New York’s Bank: The National Monetary Commission and the Founding of the Fed

This Policy Analysis reviews the earlier Monetary Commission’s origins, organization, and shortcomings, in order to suggest how a new commission might improve upon it. In contrast to more conventional, celebratory accounts of the Fed’s establishment, it finds that, instead of serving as a means for achieving desirable reforms, the National Monetary Commission served as a façade behind which its chair, Sen. Nelson Aldrich (R-RI), pursued a personal monetary reform agenda heavily influenced by major New York bankers.

The resulting “Aldrich Plan” sought to preserve New York banks’ dominant position in the financial system, even though doing so meant setting aside alternative reform proposals that sought to address the root cause of crises, including plans that would have introduced nationwide branch banking while removing Civil War–era limitations on banks’ ability to issue circulating banknotes. Although the Aldrich Plan itself failed, many of its features, including those catering to the interests of the big New York banks, made their way into the later Federal Reserve Act.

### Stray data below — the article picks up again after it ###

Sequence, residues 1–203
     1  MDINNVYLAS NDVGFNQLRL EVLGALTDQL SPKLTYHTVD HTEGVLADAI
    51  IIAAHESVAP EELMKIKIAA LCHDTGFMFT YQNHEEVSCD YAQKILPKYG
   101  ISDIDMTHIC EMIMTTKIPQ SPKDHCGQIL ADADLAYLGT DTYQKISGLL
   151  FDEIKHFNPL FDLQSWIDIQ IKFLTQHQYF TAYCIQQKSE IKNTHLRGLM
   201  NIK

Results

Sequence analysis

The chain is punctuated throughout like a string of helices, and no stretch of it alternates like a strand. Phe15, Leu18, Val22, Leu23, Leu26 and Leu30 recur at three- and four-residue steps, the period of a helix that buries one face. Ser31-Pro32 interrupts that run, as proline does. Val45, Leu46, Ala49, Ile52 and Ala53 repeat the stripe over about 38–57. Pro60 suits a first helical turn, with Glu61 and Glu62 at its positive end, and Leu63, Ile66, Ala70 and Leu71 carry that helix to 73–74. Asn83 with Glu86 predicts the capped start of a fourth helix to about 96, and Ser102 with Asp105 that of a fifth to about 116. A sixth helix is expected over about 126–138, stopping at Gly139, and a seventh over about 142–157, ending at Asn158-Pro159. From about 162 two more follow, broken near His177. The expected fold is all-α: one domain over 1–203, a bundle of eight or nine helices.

Not surprisingly, that Act proved more effective in preserving New York’s financial hegemony than in securing financial stability. If the Centennial Monetary Commission is to prove more successful than its predecessor in serving as a means for achieving financial stability, it must be a genuine, bipartisan commission, with open proceedings, and free of the taint of special-interest influence, which today means not only the influence of Wall Street, but also that of the Federal Reserve establishment itself.

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